James Daley: It's time to get rid of commission for good

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The Independent Online

Payment protection insurance has been giving the financial services industry a bad name for far too long. It's overpriced, hard to claim on, and is often completely inappropriate for the unsuspecting consumers who are sold it.

As of next year, thankfully, it will also become all but extinct. The Competition Commission has announced that lenders will no longer be allowed to sell PPI at the same time they sell a loan or credit card. Consumers will have to be given at least a fortnight to explore other options; if they do decide to buy PPI, the full cost and exclusions will have to be clearly explained to them.

While these measures will go a long way towards stubbing out the PPI mis-selling scandal of the past few years, they will not address one of the main reasons such an atrocious product is sold in such great volumes: commission. Bank employees and loan telesales staff are heavily incentivised to sell as many of these policies as they can – effectively encouraged to over-egg the benefits of PPI.

Sadly, similar practice is still common throughout the financial services industry – not just for insurance. Furthermore, when it comes to, say, the sale of an unsuitable investment product, the financial damage can be much greater than the losses from a mis-sold PPI policy – and may not become apparent to the consumer for many years.

Fortunately, this issue of commission bias has not been overlooked. The Financial Services Authority (FSA) is due to publish a report outlining a new set of rules for the sale of financial products.

Last time the regulator reformed the advice industry, almost a decade ago, it stopped short of clamping down on commission: its own research suggested that consumers preferred it to paying upfront fees for advice. Instead, it simply told financial advisers that they must offer customers the option of paying by fees as well as commission – an option that most customers continued to ignore.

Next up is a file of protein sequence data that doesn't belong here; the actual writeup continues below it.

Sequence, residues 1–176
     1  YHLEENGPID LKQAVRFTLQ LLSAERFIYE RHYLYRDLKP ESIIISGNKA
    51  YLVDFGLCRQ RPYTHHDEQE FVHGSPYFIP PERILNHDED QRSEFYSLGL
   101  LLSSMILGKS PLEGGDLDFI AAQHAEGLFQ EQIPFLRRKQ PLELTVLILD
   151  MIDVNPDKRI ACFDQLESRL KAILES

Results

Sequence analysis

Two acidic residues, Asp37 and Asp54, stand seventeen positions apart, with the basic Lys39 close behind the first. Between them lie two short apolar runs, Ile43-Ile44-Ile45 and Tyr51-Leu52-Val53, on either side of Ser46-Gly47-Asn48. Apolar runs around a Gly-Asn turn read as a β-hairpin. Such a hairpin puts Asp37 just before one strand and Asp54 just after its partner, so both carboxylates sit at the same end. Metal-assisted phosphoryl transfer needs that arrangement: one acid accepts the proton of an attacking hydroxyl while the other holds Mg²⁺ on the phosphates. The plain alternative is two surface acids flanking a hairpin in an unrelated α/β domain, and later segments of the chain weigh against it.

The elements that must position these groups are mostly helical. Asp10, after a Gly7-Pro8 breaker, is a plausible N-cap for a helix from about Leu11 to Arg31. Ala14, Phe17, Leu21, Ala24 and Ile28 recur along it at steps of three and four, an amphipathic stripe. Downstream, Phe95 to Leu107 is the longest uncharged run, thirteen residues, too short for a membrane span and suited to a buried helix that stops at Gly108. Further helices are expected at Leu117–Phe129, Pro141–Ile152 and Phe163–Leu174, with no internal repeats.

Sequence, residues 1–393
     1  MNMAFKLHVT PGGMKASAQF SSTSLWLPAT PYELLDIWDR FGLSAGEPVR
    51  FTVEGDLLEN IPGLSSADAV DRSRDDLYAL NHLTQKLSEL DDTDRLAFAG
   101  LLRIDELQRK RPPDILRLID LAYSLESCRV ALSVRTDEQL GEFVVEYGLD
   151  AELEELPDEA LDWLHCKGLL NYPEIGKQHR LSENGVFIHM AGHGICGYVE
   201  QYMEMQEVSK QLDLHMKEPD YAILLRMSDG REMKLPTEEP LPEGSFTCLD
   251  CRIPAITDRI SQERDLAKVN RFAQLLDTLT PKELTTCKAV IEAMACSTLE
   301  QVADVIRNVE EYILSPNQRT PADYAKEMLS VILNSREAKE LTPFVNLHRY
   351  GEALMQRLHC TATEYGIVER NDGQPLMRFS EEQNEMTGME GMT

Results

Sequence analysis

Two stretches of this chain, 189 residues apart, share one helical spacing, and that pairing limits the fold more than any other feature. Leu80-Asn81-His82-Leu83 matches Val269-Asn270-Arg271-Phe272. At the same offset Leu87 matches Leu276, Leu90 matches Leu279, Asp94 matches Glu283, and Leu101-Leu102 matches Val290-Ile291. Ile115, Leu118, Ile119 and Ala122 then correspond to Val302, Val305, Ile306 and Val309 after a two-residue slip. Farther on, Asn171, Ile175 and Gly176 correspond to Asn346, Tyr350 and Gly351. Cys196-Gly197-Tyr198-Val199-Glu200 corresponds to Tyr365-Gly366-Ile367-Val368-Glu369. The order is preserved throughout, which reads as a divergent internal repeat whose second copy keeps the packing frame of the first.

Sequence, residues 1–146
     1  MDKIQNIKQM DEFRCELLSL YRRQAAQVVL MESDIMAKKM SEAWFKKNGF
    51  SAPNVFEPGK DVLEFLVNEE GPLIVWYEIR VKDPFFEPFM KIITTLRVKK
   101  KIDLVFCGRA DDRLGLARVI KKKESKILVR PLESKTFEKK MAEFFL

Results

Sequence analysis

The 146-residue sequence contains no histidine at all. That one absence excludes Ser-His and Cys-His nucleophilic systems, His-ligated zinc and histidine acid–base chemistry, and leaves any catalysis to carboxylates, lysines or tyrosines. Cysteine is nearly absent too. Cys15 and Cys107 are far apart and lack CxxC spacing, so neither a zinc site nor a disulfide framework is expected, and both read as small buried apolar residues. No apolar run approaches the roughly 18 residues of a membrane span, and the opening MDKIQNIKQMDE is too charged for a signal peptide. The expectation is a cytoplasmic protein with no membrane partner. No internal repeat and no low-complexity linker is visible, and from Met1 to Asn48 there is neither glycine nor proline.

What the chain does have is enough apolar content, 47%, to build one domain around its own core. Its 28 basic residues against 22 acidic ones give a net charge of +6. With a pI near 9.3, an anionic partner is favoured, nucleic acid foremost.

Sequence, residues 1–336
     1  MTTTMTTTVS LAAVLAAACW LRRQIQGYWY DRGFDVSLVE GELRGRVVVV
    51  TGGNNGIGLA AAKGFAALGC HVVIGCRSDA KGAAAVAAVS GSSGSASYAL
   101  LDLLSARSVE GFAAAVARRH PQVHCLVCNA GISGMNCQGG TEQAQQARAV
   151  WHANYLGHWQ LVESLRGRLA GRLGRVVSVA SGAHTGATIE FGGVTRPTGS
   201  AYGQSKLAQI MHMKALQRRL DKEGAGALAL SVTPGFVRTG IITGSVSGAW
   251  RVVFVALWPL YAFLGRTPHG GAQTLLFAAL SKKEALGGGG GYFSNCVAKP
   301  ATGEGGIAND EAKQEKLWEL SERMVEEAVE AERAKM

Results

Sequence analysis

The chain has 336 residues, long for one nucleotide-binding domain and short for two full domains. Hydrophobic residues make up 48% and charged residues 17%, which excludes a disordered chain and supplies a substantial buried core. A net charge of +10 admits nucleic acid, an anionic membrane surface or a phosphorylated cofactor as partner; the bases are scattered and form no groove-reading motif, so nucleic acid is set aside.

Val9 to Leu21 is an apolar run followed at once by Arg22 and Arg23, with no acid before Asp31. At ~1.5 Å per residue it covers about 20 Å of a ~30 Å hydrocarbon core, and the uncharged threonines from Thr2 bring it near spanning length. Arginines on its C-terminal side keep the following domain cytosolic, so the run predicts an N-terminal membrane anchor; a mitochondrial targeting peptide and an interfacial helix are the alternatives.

As a result, commission bias is still as great a problem today as it was 10 years ago. Unit-linked insurance bonds, for example, have continued to be best sellers, even though customers can often buy the same funds contained in these bonds for much smaller fees elsewhere. It is, of course, no coincidence that the bonds pay much higher commission than the alternatives. Meanwhile, life insurance executives talk openly to investors about how they can manipulate their sales by hiking or reducing their commissions.

This has got to stop – and surely the most straightforward solution is to ban commission altogether. Consumers may say that they don't like this, but they'll surely adapt once they don't have a choice. Besides, there's no reason why fees can't be paid on an annual basis, in a similar fashion to commission. Financially, there's no need for it to leave consumers any worse off.

This is the FSA's chance to start making the financial advice sector work for its customers again, not just for itself. The reforms at the start of the decade did not go far enough. Being bold this time around could finally help to rebuild trust in the damaged financial services sector.

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